What FECCA is forgetting about the people they represent is that most of our CALD people are assimilated very broadly across our communities in both rural and city communities and will be part of the receivers of services.

    These people consider themselves Australians with other rich heritages, rather than CALD.

    It is not significant to NDIS that the majority of CALD communities are in cities – so are Australians born of more than a few generations (not sure when people lose CALD status).

    The reality is that NDIS trials needed a broader base than just city dwellers no matter their bloodline, it needed to capture the difficulties or rural/regional with higher density as well. It needed to capture employment issues and service issues, rather than just provide services. Hence the Hunter – small city with rural offshoots.

    FECCA, perhaps should stop chasing shadows. It is not about them and us and FECCA should stop whinging for whinging sake – its a bad look.

  • Anonymous says:

    Why does FECCA think that Australian taxpayers should cover foreign students and the diplomatic corps? If you are a foreign national why should the taxpayer pick up the tab? If you are in the diplomatic corps the government who sent you here should pick up the tab, not us. NDIS is for Australians, not anyone who gets off a plane. It should be residency based in the least or even citizenship based, unless you are a child who needs assistance. We apparently believe in a fair go and NDIS is finally just that – for us – after decades of battle – it is not for the entire bloody world – FECCA would seemingly have it that if put your foot on our soil your in!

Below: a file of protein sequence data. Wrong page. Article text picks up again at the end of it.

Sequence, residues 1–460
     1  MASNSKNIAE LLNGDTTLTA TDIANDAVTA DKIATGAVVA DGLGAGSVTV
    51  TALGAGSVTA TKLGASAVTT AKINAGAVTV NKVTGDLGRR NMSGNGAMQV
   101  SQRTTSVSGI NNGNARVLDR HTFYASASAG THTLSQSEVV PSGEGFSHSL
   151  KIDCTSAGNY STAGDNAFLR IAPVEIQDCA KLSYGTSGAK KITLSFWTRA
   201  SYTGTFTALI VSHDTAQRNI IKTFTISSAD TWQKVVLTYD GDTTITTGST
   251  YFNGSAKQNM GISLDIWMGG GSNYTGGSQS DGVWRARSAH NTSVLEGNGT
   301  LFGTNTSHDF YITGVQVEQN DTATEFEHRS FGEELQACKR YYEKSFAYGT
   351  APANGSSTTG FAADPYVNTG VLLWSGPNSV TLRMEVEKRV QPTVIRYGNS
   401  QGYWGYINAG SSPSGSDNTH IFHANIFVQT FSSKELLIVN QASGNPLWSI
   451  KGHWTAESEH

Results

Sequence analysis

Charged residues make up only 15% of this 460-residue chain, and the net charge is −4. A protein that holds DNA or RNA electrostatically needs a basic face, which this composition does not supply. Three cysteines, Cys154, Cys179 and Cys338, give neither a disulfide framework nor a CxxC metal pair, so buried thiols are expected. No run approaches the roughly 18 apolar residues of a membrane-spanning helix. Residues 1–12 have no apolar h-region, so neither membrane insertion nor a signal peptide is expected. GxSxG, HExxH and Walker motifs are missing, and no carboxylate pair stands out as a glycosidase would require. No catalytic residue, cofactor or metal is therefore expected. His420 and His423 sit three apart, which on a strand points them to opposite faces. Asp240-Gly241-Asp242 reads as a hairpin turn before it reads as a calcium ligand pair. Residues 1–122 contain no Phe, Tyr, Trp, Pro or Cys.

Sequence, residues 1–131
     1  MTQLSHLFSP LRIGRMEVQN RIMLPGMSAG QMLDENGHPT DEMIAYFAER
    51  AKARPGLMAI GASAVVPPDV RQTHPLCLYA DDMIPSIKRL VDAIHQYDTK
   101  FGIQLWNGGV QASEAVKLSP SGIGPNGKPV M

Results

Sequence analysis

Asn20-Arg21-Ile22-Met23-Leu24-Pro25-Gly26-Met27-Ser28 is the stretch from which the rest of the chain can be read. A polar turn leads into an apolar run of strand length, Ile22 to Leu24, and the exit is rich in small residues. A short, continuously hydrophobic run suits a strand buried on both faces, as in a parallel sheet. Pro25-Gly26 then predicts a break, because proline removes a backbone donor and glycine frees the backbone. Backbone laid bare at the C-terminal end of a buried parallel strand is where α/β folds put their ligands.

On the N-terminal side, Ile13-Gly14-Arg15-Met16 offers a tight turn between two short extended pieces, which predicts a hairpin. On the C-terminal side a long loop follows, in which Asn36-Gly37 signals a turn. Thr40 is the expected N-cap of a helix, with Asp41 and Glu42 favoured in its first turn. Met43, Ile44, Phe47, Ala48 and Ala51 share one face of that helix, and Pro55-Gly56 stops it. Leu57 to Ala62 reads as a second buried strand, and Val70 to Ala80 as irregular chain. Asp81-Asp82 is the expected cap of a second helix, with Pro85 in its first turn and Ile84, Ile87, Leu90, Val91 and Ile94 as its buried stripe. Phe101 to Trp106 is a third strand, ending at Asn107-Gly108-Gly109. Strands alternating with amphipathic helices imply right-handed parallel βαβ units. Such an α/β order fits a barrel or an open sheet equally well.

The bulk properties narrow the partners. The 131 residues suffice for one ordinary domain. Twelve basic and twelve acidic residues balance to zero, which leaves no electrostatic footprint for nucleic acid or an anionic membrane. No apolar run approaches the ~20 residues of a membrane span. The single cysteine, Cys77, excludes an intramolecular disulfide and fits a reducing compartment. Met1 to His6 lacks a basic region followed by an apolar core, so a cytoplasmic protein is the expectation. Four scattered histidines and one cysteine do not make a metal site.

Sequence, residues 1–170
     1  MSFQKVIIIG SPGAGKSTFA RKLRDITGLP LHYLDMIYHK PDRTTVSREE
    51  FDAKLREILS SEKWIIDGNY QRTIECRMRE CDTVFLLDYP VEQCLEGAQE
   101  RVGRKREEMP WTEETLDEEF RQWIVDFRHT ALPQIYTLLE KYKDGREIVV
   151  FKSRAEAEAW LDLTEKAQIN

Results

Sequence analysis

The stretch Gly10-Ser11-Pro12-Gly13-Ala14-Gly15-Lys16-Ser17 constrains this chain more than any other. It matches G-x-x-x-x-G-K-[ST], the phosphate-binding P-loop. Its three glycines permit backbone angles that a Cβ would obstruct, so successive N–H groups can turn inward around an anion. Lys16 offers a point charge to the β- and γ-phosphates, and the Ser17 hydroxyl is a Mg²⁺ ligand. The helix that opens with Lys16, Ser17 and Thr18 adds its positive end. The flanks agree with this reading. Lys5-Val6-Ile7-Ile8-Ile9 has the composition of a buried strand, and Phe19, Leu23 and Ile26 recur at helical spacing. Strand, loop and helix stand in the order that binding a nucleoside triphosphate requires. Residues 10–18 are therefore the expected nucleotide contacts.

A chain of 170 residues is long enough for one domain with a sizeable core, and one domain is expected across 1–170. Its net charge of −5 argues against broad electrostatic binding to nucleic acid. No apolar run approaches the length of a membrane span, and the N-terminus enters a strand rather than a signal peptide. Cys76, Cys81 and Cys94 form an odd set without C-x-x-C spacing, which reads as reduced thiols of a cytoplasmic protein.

Come on FECCA stop try to kill it by making the cost prohibitive before it starts!

  • Licia Kokocinki says:

    One of the issues facing all disability service providers is that only a very tiny percentage (less than 10% of users) come from culturally diverse backgrounds. The reasons for this fact is as follows: most services just do not know how to relate to people with disability and their families from culturally diverse backgrounds – they are treated as a “too hard” demographic group to reach; secondly, the personal attitudes to disability in these families are just as varied as the attitudes to disability amongst families from white, Anglo-based families, but the “normalisation” campaigns that occurred many decades ago just did not reach nor were targetted to CALD-background families, so the efforts were meaningless; thirdly, one of the problems of public policy implementation in this present climate is that we want to portray solutions as simple and singular in content and application. The most simplest solutions are usually the worst solutions and at many times, only exacerbates disadvantage. We cannot avert our eyes to diversity in our community, regardless of whether it is based on ethnicity, or where one lives, or education levels, or job status. So, my advice is stop pretending. Re the cost of NDIS blowing out if service providers acknowledged and worked with diversity, what nonense. We don’t say that taking care of diversity and difference in white, middleclass society blows costs. Congratulations on FECCA for trying to get some common sense in the discussion. The issues they speak of are just as relevant to our indigenous communities – how will their issues be dealt with under NDIS?

  • Anonymous says:

    I’m very surprised by some of the comments on this page. Regardless of your perspective on the legitimacy of CALD-specific services/engagement strategies, the fact is we need these strategies for effective service provision. This, in turn, also supports proper spending of public money, something I think we can all agree is important.

    Aside from shortcomings in the NDIS CALD strategy, attention should also be paid to the absence of a CALD strategy for the NSW Ability Links program. The pilot will commence in July 2013 in the Hunter with rollout planned for July 2014. At a community consultation on the program, we were informed that the CALD strategy is ‘under development’. FECCA should keep an eye on this too.